Cash-strapped commercial real estate tenants are increasingly turning to the services of lease auditors to pare expenses and free up capital for other uses. The auditors are using Web technology to pinpoint potential areas for cost reduction, while keeping in touch with clients via secure Internet sites.
For a major tenant occupying a large commercial space, the potential savings are huge if a discrepancy is found between the expenses allowed by a lease and those actually charged by a landlord. A firm can reduce operating expenses by 10% to 20% in some cases.
“I once found a landlord charging probably 10 times the cost of certain cleaning supplies that the tenant would have paid had it been an independent cleaning contractor,” says Anthony Collura, president of Corporate Real Estate Services Inc. (CRS), based in West Long Branch, N.J. After an audit, the tenant recovered more than $1 million from the landlord.
In another case involving garage and management expenses, the tenant recovered $700,000 from the landlord, says Collura. Many financial recoveries are far smaller, however, such as the $38,000 returned by a landlord who had passed on electricity expenses to the tenant, while adding his own charges.
Business has increased 15% to 20% over the past 12 months at CRS. Some of the new clients asking for help are in dire straits, says Collura. “Right now, everybody is looking to tighten their belts and to cut back on expenses.”
Most clients, however, simply want to improve the bottom line. “We deal with a lot of Fortune 1000 companies, so they’re not so much underwater as they are looking to improve profitability.”
The roster of CRS clients includes Bank of America, CB Richard Ellis, Duke Energy, Kohl’s Department Stores, Office Max, Trammel Crow, Royal Bank of Canada and Swiss Re financial services.
Technology has helped both landlords and tenants to reduce their operating expenses, although most CRS clients are tenants. The CRS system is Web-based. “We communicate with our clients in terms of keeping them up to date on the status of everything we do,” says Collura. The clients can log in using a secure password to access the status of the audit work.
Because so much can be done online, less travel is required, although Collura frequently meets with clients in person. “Certainly I’m on an airplane a lot less than when I first started doing this 20 years ago.”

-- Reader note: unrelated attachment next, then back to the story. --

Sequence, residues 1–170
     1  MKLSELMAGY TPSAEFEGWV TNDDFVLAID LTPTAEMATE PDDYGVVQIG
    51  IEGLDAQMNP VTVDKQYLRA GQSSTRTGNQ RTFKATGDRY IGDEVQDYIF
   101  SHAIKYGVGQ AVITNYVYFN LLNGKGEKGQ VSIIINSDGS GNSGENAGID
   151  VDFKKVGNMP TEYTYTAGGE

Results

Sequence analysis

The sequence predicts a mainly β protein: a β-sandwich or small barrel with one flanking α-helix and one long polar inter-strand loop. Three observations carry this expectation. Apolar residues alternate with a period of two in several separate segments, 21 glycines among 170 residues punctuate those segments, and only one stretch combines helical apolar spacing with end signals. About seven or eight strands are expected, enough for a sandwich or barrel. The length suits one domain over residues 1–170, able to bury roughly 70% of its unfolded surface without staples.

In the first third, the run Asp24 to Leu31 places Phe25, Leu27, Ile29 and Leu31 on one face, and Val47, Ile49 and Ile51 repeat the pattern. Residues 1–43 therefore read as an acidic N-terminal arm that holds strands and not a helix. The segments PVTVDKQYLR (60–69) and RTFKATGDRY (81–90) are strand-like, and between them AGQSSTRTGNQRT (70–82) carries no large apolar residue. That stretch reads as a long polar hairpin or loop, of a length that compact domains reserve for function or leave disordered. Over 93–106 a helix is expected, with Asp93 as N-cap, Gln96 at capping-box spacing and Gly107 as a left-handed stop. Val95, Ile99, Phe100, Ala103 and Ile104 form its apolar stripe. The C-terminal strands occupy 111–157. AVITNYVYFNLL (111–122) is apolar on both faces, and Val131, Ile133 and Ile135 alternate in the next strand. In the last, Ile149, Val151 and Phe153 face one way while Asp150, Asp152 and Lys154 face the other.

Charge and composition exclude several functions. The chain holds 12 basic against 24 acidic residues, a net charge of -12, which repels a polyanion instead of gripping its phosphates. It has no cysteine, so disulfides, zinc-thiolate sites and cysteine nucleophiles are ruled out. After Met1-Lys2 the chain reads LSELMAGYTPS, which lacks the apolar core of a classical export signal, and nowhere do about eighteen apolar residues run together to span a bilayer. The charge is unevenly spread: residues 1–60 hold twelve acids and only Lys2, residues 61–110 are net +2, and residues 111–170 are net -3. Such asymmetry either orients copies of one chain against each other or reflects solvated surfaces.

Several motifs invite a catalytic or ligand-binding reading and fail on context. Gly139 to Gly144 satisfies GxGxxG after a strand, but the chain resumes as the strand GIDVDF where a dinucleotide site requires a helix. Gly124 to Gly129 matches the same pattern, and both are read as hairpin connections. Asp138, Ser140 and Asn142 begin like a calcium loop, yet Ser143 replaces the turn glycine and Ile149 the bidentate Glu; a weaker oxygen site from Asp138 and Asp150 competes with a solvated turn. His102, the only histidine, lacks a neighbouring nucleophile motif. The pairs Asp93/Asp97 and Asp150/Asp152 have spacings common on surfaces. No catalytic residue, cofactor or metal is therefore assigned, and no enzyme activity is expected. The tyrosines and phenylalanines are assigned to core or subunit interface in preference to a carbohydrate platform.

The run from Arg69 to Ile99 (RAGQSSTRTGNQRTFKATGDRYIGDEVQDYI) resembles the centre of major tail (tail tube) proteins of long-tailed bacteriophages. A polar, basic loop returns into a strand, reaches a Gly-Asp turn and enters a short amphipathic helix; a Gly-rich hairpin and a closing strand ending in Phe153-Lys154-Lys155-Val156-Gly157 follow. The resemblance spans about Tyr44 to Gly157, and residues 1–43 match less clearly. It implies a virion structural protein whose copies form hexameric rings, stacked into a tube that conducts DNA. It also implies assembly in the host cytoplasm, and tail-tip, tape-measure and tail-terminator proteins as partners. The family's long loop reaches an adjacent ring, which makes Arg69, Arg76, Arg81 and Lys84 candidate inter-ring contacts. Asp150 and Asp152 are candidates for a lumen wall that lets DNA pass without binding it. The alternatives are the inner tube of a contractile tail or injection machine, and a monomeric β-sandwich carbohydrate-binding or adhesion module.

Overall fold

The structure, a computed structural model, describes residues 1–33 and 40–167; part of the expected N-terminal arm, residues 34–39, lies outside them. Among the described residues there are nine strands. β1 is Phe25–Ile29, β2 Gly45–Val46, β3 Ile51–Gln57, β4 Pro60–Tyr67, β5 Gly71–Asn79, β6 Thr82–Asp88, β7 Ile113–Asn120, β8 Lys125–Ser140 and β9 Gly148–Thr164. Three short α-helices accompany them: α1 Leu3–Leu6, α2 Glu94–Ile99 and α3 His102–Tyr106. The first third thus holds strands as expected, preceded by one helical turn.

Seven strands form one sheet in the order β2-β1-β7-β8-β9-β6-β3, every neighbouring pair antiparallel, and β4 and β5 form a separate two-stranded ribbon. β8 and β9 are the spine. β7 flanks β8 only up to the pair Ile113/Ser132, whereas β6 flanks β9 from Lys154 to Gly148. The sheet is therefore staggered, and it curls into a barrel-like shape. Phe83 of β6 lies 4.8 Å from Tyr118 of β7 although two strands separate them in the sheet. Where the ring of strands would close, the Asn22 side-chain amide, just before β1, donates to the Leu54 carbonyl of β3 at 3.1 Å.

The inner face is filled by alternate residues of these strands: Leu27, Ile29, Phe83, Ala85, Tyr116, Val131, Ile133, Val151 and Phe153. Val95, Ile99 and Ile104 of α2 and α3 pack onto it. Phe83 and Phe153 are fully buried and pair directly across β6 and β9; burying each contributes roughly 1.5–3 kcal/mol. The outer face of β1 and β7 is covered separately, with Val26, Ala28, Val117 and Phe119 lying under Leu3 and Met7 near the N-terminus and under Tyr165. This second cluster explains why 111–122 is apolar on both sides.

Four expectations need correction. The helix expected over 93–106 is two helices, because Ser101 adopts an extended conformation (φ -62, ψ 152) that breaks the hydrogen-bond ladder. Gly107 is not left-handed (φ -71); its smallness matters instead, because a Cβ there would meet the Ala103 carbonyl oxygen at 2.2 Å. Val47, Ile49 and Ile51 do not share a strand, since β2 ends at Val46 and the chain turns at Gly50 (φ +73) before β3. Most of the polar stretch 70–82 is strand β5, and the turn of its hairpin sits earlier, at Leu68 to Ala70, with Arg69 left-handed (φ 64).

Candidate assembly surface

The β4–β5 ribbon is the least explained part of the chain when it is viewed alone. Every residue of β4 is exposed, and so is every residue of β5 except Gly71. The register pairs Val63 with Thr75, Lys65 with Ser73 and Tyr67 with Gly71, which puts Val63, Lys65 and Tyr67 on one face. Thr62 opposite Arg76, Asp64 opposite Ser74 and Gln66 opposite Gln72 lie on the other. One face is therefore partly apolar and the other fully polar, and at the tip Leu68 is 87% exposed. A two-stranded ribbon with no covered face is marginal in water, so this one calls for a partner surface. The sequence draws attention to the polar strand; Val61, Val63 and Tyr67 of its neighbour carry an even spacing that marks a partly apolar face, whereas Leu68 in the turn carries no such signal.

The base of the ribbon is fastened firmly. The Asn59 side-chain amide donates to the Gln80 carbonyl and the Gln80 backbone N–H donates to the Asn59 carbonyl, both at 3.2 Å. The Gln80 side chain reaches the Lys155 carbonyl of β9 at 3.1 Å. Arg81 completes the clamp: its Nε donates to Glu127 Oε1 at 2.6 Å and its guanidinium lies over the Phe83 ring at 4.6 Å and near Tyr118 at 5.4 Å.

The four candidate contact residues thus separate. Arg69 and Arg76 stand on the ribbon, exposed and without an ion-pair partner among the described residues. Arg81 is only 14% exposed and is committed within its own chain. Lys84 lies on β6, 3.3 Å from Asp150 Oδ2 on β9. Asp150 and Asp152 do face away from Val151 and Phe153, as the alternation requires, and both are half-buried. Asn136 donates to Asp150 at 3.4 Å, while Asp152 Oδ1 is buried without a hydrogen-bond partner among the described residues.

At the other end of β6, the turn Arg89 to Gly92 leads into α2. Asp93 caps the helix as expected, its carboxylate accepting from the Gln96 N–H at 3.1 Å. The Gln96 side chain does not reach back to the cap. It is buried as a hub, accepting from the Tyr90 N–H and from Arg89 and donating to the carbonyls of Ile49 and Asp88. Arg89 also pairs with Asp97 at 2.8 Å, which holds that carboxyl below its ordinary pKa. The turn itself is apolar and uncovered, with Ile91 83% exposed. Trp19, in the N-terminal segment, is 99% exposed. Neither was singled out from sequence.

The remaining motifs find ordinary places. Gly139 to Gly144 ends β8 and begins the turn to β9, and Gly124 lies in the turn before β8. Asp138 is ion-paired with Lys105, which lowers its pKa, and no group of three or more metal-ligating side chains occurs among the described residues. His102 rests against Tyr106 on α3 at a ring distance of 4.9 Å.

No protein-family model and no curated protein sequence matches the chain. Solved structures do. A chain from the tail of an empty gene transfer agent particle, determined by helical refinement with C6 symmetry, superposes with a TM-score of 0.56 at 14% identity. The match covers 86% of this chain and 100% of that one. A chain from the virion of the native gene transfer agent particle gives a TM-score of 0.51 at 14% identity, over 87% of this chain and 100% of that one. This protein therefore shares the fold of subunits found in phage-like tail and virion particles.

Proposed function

It saves a great deal of time if a company has created online files before the initial visit by a lease auditor. The auditor carefully examines a firm’s portfolio of leases to determine which ones are likely to yield savings.
Generally, the more complicated a lease is, the more likely it is to become a candidate for audit, since simpler, more straightforward leases leave little room for misinterpretation, according to Collura.
Energy costs are one area frequently targeted for close examination. “In most cases, landlords are not allowed to charge a premium on electric and make a profit passing through energy costs,” says Collura.
Check the math
CRS reviews files to be audited at each location and develops a report for the client recommending specific actions. During the audit itself, CRS informs the landlord of potential claims, and examiners review the landlord’s records as a key part of the audit process.
The tenant’s site may also be surveyed. For example, CRS may undertake the physical measurement of a tenant’s space to clarify whether the square footage stated in the lease corresponds with the actual space occupied.
It pays to check the math. At times, simple calculation errors are found — transposed numbers or a formula inaccurately applied. Some errors can lead to big overcharges for tenants.
The auditing firm represents the client to the landlord and negotiates on the tenant’s behalf to come to a resolution. It’s a process that requires diplomacy, says Collura. “People don’t like to be told that they’re charging incorrectly,” he says. In about 90% of cases where inaccuracies are found, there was no malicious intent, he says. “They’re just honest errors.”
Each client’s needs are different, and an individual approach is necessary, says Collura. “The turn of a phrase, the change of a word could make a big difference in a lease, so you have to be very careful on not only drafting these leases, but in appropriately administering them after they’re drafted.”